Our Computer Science program applied for ABET accreditation. We will see how it turns out, but here is what was joy inspiring. The department fully engaged in questions of what they do well, how they might do better, and what they’d like to do next. They had intense pride in their work– and, deservedly so. The visiting team saw that spirit of collaboration and the hard work. This gives me such joy. I am proud of their efforts and their commitment to growth.
We launched our new peer mentoring program, using the data on the students we are losing and acting on that information. Even as we complete the first iteration of this program we can see places for improvement for next year. Nevertheless, getting this started involved collaboration between library faculty, our tutoring centers, the first-year program director, academic advising, orientation leaders, and the director of education access programs. They shared knowledge and resources to get this off the ground. This effort brought together constituencies that often operate separately. They left those silos, focused on student success, and built something together. When I see that collaboration, I can practically walk on air from the joy it brings me.
Building on the momentum from our abrupt move to online last year, several programs have identified online as the best modality for their students moving forward. This means tons of work in the move from emergency online courses to fully developed online programs, yet faculty in these programs are willing to do that work. Their commitment to meeting the students where they will thrive has driven them forward in this effort. I am proud of their ability to learn from this crazy pandemic and build new things. I am excited by the thinking and effort that this represents and feel inspired to imagine new educational models and opportunities that these dedicated faculty might explore. That student-centered innovative spirit always brings me joy.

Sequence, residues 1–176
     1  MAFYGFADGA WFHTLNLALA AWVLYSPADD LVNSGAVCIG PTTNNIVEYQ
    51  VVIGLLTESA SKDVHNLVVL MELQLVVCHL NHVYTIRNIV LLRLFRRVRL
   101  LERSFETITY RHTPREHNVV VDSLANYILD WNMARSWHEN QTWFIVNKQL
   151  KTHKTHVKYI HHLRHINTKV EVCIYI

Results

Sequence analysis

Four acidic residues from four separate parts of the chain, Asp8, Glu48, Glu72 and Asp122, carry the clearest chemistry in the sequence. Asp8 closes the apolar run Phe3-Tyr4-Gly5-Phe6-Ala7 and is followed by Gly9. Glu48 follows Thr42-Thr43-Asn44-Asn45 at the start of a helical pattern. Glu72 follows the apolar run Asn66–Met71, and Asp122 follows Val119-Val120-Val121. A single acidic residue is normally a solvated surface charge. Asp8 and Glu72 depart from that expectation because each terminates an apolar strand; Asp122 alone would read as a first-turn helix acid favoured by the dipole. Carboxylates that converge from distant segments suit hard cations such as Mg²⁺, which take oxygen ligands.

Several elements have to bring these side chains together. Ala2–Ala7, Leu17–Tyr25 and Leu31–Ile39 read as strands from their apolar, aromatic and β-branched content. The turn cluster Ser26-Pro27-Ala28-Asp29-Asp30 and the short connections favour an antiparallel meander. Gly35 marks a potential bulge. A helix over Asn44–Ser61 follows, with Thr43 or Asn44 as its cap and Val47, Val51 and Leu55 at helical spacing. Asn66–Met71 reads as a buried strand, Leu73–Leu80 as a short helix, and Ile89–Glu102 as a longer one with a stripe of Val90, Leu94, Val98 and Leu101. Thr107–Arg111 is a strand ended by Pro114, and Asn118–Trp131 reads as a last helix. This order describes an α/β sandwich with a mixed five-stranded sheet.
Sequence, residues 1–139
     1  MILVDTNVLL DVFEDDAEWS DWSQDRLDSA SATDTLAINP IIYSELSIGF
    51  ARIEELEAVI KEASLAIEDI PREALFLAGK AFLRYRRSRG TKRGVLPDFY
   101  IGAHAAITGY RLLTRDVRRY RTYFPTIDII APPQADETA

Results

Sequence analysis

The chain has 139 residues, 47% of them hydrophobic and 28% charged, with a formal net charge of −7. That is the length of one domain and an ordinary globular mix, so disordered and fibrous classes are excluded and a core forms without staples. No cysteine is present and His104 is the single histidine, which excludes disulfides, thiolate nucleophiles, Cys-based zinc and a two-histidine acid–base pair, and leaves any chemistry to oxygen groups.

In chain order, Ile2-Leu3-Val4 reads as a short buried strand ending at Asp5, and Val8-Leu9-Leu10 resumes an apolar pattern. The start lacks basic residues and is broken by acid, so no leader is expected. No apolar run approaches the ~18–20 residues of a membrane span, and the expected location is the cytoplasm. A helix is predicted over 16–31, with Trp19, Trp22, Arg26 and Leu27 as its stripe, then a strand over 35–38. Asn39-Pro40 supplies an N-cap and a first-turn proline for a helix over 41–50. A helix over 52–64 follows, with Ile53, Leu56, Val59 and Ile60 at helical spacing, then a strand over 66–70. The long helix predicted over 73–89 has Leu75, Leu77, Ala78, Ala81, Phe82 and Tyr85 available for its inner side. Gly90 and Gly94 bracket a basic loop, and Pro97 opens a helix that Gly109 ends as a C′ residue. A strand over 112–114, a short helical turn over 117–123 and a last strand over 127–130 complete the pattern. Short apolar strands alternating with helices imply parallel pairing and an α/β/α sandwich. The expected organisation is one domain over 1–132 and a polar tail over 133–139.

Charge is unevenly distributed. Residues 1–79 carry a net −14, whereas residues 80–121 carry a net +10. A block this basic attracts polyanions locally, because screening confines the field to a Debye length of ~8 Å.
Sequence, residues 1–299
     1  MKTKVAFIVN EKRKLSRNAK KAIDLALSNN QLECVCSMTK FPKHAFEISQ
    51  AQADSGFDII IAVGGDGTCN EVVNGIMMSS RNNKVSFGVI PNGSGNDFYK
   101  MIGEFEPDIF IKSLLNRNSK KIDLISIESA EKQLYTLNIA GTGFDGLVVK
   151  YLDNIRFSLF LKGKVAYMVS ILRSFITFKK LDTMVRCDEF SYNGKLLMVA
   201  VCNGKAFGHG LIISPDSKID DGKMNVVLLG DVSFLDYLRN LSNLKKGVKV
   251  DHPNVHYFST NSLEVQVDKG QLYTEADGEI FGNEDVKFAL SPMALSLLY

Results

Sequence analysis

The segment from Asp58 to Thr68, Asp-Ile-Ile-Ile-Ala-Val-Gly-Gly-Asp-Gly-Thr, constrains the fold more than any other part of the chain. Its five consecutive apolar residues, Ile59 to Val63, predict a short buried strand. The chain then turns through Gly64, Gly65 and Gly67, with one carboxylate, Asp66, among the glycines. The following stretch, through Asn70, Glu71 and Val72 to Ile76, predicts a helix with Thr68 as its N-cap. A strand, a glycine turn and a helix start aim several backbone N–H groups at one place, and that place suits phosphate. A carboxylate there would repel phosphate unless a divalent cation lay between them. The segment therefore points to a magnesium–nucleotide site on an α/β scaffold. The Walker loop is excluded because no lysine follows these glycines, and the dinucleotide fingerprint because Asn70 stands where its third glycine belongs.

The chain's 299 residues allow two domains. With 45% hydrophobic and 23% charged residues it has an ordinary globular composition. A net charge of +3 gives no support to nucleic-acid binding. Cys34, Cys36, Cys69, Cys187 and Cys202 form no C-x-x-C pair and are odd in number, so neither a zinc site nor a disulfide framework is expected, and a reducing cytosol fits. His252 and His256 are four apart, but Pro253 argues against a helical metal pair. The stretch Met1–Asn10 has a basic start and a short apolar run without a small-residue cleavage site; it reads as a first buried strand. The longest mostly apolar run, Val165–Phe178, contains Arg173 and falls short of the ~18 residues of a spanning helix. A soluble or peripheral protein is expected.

I feel immense joy every single time I hear from faculty and staff about the great experiences they are having with students now that we are back on campus. Those stories include tales of experiments in teaching, reports of honest conversations about tough subjects, strategic group projects that inspired students to cheer for each other, and the relieved smiles of people happy to just be in the room with other people again. Stories also flow from people reflecting on the good things that happened as a result of the pandemic — like remote access to career services or advising or counseling — and how these things have expanded the opportunity to connect with students. I love when these tales are shared with me because it allows me to share in the happiness that my colleagues are feeling.
There is so much more because there are so many people doing things large and small every single day. There is so much more because we are always looking for the opportunity to do things better. There is so much more because we work hard. As I think about all of these wonderful and inspiring accomplishments, I think it is safe to say that the hard work of higher education is the joy. Let’s just remember to notice it.